Mineral deposits

Titanium connection

Print edition : July 24, 2015

The beach on the Periyathalai coast in Tuticorin district, Tamil Nadu, takes on a hue characteristic of the presence of garnet, a non-atomic mineral that can be mined with the permission of the State government. The mined sand also contains atomic minerals such as ilmenite, leucoxene and rutile, which on processing yield titanium, and they can be exported under the Open General Licence without requiring the permission of the Union Ministry of Mines. Photo: N. Rajesh

It is the ore ilmenite, and not thorium, that the “mining mafia” is after in the beach sands of Odisha, Tamil Nadu and Kerala. Titanium, a strategic metal in demand in the nuclear power sector and the aerospace industry, is extracted from it.

IT WAS evening and we were on the road, covering the campaigns of various political parties in Tamil Nadu’s Kanyakumari district during the Lok Sabha elections in April 2009. Near Manavalakurichi, a coastal village, this correspondent and the reporter accompanying him noticed a board a few hundred metres from the sea. It said: “Indian Rare Earths Limited” (IREL). The IREL is a public sector undertaking of the Department of Atomic Energy (DAE) and is engaged in mining monazite and other atomic minerals from the beach sands at Manavalakurichi. A little distance away, groups of men were shovelling beach sand into trucks, and we struck up a conversation with them about the election trends. After a few minutes, when this correspondent told the photographer, A. Shaikmohideen, to take pictures of the men at work, the men turned hostile and threatened to beat us up. It was a nasty situation we were in, surrounded by well-built men.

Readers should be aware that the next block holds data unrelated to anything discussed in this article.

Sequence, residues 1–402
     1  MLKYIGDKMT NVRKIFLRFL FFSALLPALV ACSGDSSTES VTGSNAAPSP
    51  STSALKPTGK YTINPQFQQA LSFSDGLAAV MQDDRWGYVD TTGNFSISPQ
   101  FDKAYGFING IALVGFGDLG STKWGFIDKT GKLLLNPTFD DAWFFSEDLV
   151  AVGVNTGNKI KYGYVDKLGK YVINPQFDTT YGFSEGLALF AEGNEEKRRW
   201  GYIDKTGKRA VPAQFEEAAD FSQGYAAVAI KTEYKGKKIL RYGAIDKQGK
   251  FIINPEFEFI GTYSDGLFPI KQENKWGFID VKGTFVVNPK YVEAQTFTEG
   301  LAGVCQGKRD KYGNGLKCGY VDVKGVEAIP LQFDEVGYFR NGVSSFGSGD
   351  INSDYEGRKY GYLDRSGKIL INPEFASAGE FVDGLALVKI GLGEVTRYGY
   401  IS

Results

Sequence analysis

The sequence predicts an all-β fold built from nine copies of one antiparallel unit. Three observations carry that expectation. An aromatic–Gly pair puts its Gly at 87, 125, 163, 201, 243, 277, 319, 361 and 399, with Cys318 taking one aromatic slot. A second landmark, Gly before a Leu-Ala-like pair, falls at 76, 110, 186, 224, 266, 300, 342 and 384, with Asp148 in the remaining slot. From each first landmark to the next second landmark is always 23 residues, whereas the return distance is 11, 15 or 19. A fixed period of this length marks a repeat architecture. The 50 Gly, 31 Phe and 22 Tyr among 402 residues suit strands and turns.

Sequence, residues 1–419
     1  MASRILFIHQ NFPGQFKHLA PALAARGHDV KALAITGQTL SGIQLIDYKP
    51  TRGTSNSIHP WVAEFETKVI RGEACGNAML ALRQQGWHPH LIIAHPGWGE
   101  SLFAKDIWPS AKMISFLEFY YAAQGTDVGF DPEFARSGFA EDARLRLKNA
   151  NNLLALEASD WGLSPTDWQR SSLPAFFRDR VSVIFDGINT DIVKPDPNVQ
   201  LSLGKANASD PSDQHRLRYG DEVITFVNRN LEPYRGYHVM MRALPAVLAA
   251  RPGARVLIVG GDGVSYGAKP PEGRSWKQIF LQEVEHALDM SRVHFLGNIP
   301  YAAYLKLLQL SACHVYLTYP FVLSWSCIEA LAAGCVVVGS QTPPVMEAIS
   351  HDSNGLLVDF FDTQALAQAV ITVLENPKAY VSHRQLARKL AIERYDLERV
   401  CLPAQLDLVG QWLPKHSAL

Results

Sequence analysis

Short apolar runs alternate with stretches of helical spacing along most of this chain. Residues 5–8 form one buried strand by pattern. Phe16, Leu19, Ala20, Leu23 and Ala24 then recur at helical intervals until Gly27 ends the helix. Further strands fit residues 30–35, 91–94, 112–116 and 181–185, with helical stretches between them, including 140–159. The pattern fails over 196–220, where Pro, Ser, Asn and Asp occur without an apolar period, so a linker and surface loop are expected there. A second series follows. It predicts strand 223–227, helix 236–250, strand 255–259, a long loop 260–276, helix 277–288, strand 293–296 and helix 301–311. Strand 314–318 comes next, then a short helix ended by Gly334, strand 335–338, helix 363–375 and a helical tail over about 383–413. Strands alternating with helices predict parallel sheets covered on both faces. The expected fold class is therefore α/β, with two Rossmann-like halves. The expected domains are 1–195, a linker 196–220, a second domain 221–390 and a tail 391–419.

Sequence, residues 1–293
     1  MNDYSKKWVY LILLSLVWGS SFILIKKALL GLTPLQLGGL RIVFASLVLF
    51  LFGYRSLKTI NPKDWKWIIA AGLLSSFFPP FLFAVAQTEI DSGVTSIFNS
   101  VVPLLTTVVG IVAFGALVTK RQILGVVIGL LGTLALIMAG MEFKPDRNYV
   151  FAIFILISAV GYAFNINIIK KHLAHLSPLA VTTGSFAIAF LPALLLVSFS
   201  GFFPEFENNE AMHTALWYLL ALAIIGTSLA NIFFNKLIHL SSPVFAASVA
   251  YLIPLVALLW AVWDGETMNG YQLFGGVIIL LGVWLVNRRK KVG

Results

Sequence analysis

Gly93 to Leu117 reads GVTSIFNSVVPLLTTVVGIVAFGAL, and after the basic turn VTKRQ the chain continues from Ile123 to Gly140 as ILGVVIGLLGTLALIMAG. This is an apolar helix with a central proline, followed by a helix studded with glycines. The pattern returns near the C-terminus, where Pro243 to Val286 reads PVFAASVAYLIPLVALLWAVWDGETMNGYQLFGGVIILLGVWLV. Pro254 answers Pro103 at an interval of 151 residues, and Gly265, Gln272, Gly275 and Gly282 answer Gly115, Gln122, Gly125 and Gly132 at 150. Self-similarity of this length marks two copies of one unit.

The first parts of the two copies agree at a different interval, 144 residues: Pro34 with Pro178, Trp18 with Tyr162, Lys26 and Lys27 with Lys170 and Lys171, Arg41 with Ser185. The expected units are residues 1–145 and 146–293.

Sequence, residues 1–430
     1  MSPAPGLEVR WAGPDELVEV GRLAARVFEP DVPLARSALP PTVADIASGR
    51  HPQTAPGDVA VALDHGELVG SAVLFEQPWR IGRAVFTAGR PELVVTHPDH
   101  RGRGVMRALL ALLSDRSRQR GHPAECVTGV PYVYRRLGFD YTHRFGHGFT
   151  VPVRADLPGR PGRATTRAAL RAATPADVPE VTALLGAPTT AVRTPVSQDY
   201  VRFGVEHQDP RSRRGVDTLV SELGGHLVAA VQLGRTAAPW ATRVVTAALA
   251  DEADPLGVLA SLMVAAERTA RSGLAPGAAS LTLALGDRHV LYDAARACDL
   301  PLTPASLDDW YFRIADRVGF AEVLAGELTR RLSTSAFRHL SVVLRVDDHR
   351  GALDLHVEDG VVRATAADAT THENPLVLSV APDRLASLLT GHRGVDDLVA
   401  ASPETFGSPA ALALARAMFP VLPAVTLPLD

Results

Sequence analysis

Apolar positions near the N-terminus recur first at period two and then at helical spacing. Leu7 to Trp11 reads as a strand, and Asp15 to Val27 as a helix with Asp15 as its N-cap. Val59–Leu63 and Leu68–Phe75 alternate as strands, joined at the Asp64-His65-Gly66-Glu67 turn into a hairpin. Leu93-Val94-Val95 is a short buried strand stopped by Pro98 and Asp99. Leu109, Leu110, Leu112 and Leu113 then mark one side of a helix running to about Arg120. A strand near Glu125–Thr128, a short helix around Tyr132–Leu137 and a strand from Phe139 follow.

The reasons for their belligerence were immediately apparent. With Tamil magazines and newspapers periodically going to town about mining sharks in Tuticorin, Tirunelveli and Kanyakumari districts illegally mining monazite, the labourers were apprehensive about losing their livelihood. Stories in the press in Tamil Nadu assumed that beach sand everywhere in these three districts contained monazite, from which thorium can be processed for use as fuel in nuclear reactors in the third stage of India’s three-stage nuclear power strategy. The stories alleged that monazite was being illegally exported in big quantities.

The reality is that in the beaches in the coastal regions of Kerala, Odisha and Tamil Nadu, only some pockets contain economically important minerals such as garnet, ilmenite, leucoxene, monazite, rutile, sillimanite and zircon, collectively known as beach sand minerals. Only the IREL is permitted to excavate and process monazite for both domestic use and export.

A DAE press release dated October 19, 2012, which is still valid, says: “The DAE has not issued any licence to any private entity either for production of monazite, or for its downstream processing for extracting thorium, or for the export of either monazite or thorium.” So the private sector cannot mine monazite, process it into thorium and sell it in India or abroad.